RIVER GUARDIANS: San Marcos Arts Commission and community celebrate new art installation

The community of San Marcos came together to celebrate and dedicate a new art installation near the San Marcos River.

The art installation “Guardians of the San Marcos River” was designed and created by students of San Marcos High School to depict the creation story attributed to the indigenous Coahuiltecan people.

“This artwork will serve as a reminder of the responsibility of all of us to be stewards of our precious river and to pass that responsibility on to future generations,” Mayor Jane Hughson said at Thursday’s dedication ceremony. “I’m so happy it was created by high school students who are our future.”

The “Guardians of the San Marcos River” is a permanent art installation located at Ramon Lucio Park, 601 South CM Allen Parkway, consisting of six panels illustrating the creation story of the indigenous Coahuiltecan people and the five guardian spirits of the San Marcos River. Marks.

Each panel features a tile mosaic designed by students at San Marcos High School under the direction of Thom Rogers, Project Manager and former Visual Arts Team Leader at San Marcos High School. Each student was chosen by the San Marcos Arts Commission and awarded a $500 scholarship. There are over 1,000 individual tiles created by SMHS students and faculty. In total, about 750 students contributed to the process.

“The idea was that we were going to break it up into a grid and have all of these kids paint their names on individual tiles,” Rogers said. “So what you see here is 750 students kind of declaring that they’re guardians of the river. So that was a nice part of that is we actually reminded those children that they are the stewards of the future of this river. I love this river. I love this city.

Dr. Mario Garza, chairman of the council of elders of the Institute of Indigenous Cultures, who presented the story of the creation of Coahuiltecan and dedicated the art installation on Thursday with a song, said he was happy to see the project completed. .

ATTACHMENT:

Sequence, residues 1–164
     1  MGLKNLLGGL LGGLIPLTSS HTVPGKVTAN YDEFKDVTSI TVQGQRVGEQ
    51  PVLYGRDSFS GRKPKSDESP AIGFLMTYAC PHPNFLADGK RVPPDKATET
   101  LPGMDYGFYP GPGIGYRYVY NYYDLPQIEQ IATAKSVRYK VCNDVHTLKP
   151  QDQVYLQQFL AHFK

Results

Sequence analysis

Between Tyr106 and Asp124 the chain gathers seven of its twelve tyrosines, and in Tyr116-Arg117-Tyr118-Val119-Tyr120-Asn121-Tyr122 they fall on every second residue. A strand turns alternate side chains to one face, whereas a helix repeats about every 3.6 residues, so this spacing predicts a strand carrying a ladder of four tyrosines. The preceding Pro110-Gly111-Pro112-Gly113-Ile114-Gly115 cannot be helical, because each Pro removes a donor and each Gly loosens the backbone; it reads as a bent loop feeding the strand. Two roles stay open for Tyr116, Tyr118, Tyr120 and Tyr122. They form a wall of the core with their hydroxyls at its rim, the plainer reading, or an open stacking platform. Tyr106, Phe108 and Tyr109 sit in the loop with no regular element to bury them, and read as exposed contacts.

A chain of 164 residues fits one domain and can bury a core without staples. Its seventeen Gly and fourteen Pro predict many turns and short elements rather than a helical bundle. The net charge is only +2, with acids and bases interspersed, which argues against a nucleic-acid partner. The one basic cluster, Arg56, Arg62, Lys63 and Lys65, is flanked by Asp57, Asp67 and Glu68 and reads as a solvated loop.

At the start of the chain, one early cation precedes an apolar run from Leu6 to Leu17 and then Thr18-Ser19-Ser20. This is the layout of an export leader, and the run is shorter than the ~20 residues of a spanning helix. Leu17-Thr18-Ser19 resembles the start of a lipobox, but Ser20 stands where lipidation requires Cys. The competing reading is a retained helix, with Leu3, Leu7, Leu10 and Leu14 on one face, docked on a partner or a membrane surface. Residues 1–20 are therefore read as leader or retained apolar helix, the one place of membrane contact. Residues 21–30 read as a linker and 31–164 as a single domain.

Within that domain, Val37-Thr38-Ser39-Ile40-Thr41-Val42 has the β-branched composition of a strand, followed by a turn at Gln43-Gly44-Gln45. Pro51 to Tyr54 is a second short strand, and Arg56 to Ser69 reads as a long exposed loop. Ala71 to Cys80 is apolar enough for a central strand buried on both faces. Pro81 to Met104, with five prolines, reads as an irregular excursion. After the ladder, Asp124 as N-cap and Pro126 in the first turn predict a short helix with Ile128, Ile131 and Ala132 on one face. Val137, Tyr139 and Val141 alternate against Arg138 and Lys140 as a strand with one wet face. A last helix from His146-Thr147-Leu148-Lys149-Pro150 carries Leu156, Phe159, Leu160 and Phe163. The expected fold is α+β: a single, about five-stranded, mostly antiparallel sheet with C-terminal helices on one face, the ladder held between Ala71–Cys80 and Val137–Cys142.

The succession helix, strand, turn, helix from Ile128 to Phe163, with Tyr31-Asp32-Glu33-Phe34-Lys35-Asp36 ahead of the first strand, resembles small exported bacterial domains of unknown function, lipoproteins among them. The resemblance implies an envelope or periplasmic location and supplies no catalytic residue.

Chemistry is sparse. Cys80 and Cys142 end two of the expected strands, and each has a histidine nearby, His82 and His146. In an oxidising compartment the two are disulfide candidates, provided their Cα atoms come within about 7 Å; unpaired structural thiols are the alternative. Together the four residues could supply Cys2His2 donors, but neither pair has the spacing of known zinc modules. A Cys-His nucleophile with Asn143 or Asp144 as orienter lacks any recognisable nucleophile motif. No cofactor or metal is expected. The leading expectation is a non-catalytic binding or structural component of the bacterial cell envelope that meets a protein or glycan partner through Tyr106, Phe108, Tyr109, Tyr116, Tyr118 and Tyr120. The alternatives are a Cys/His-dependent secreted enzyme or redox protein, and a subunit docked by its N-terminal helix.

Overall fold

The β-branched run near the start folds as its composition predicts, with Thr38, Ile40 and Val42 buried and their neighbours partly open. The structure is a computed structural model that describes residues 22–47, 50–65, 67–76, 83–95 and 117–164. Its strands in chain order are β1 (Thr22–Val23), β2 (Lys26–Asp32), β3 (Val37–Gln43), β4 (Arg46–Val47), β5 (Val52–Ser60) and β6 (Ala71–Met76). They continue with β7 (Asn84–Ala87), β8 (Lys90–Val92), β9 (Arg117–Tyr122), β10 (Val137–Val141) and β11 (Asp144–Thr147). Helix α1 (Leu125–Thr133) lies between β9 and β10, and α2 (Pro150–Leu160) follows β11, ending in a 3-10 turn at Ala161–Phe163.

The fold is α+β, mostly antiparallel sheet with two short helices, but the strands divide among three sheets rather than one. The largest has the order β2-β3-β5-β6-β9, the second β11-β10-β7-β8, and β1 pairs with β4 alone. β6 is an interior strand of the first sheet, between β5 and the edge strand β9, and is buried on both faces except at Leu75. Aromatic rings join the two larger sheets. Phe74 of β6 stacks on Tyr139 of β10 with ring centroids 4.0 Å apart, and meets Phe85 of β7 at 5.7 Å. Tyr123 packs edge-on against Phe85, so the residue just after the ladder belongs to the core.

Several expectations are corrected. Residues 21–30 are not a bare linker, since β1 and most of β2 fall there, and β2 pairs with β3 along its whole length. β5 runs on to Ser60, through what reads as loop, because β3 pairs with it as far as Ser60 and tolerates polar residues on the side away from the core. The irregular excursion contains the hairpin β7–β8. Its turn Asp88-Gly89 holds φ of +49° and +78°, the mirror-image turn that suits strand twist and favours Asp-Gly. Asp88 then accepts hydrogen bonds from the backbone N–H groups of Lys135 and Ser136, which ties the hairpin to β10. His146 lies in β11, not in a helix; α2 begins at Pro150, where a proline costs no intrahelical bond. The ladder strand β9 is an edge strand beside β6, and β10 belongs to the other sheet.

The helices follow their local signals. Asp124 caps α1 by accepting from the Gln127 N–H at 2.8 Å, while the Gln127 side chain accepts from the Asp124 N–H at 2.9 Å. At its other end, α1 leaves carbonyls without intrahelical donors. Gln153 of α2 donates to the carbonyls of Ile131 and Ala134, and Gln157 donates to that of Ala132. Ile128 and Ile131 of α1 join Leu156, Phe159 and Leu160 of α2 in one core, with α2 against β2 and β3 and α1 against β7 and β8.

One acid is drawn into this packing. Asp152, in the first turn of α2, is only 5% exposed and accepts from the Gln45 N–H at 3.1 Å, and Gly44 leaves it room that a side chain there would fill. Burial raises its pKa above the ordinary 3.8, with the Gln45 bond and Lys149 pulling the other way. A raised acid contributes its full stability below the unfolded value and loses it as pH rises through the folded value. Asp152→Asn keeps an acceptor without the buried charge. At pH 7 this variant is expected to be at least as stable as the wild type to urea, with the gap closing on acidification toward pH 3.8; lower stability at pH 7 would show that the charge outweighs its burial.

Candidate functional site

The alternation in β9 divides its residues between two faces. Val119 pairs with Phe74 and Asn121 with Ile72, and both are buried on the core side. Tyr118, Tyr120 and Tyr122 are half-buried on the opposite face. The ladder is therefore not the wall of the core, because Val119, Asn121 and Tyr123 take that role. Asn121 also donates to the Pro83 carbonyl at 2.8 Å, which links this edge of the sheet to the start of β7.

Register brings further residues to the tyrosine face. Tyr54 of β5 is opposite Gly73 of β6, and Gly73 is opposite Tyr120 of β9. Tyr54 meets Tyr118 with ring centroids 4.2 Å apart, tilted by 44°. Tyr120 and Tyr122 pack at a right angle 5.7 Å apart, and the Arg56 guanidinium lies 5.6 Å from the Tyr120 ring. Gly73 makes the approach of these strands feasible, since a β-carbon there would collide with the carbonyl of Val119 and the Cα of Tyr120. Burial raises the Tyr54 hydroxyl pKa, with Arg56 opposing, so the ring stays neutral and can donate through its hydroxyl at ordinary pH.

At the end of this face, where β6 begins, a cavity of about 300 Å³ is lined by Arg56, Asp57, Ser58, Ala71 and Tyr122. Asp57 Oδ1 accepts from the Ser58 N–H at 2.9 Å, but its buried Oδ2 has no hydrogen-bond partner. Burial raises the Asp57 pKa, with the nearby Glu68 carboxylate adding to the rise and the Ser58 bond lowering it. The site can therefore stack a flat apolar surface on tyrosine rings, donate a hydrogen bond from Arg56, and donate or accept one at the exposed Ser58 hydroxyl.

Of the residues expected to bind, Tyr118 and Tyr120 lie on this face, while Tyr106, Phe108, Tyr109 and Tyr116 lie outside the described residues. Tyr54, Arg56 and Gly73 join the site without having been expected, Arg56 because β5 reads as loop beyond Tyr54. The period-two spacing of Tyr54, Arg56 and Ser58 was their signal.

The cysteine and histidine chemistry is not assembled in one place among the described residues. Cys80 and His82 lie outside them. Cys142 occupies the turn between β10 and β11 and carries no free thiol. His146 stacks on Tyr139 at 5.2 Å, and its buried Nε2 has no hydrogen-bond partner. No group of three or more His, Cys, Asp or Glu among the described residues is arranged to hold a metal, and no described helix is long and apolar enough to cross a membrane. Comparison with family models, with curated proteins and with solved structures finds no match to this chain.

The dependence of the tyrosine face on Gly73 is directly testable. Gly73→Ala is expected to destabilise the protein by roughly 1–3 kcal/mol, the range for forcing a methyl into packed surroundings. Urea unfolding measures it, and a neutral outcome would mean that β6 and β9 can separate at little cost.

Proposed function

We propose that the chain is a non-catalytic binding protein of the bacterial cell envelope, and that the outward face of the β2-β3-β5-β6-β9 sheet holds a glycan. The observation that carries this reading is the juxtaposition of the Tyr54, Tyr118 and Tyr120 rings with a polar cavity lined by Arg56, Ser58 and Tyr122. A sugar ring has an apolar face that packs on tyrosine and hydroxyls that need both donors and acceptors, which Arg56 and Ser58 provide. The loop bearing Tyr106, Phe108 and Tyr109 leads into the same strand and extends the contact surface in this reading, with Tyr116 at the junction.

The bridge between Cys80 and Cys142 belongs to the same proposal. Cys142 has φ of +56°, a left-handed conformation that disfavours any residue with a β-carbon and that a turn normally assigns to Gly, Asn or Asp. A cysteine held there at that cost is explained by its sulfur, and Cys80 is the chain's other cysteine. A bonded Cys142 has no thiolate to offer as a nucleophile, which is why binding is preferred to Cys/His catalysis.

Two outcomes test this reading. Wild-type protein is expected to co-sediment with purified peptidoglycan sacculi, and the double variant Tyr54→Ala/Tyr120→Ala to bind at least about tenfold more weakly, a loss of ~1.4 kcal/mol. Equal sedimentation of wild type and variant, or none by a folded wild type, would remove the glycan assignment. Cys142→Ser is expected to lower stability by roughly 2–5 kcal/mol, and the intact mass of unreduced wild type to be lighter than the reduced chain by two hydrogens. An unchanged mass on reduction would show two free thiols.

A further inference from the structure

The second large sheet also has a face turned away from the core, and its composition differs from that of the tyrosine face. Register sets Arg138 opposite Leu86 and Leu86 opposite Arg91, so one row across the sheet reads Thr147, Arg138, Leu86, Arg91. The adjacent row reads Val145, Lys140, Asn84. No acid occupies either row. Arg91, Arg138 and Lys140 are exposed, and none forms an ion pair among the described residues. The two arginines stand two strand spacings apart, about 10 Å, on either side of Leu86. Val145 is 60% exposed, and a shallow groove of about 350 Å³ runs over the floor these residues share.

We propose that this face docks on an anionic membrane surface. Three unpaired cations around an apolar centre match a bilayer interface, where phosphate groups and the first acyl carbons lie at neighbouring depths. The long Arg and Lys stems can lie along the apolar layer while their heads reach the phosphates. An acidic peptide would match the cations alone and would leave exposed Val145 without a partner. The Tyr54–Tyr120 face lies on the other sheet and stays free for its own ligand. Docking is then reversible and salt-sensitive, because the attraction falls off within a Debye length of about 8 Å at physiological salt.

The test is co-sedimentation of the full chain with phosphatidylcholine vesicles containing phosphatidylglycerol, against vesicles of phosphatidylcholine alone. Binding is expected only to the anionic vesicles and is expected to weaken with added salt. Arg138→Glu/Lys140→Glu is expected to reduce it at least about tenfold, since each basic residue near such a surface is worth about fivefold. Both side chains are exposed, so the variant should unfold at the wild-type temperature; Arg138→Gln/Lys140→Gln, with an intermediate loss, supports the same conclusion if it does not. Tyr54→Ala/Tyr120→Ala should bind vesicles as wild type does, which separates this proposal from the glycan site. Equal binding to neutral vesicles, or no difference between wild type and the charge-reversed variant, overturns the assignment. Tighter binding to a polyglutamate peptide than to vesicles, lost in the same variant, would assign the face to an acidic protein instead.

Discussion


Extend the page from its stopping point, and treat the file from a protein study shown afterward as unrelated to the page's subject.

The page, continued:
“When I proposed [the art project]it was just before the pandemic and then Thom [Rogers] started working on it,” Garza said. “Before I knew it, the pandemic hit and everything was shut down. Later they were able to continue. So there are a lot of people I want to thank. Thom for guiding the students in making this project, then all the more than 170 students who participated… I would like to thank the students for the excellent work they have done.

The works of the six students chosen for the installation were Leela Jackson: “The Creation Story”; Brynna Wharton: “Panama” (deer); Michaela Manriquez: “Pa-uta’p” (eagle); Isabella Elmore: “Miakan” (water bird); Sage Gonzales: “Apamxuepet” (jaguar); and Faith Voorhis: “Clam paya yuye” (wolf).

The Parks and Recreation Advisory Board, San Marcos Arts Commission, and San Marcos City Council approved the installation for $8,000 in 2018. Student designs were selected by the Arts Commission in 2019. Tile work, final assembly and site installation have been postponed to this year due to the impacts of the pandemic on in-person education and school attendance.

After the art installation was completed, Jackson said it was heartwarming to see the community’s reaction to the project during Thursday’s groundbreaking ceremony.

“I never really suspected that a project like this would be within my grasp,” said Jackson, who recently graduated from San Marcos High School in May. “But, I was like, ‘I’m going to go out there and do it anyway.’ Every time I got the call, I was like, ‘There’s no way I won this, like what?’ Seeing the process unfold and it was really cool to see how everyone worked as a team to complete it all.

Wharton, a 2019 San Marcos High School graduate, said it made her happy to see the art project come to fruition.

“The project just stalled during covid. I didn’t know if it would ever come back,” Wharton said. “So I got the message a few weeks ago that it was finally in place and it made me so happy… It’s so exciting to have something for everyone to see in a permanent exhibition It makes me excited that maybe this can be an inspiration to someone else.

Aurora J. William